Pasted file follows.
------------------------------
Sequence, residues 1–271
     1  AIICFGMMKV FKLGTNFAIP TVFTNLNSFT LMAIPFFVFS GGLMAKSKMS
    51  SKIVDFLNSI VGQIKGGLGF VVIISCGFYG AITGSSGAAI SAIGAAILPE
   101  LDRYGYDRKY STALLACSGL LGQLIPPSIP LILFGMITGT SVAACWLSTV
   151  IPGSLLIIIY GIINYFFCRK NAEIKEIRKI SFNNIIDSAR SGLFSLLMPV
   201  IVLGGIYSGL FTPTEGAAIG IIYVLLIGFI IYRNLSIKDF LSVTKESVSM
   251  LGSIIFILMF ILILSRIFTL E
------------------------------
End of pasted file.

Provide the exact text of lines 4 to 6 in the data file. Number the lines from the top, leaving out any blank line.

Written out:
   101  LDRYGYDRKY STALLACSGL LGQLIPPSIP LILFGMITGT SVAACWLSTV
   151  IPGSLLIIIY GIINYFFCRK NAEIKEIRKI SFNNIIDSAR SGLFSLLMPV
   201  IVLGGIYSGL FTPTEGAAIG IIYVLLIGFI IYRNLSIKDF LSVTKESVSM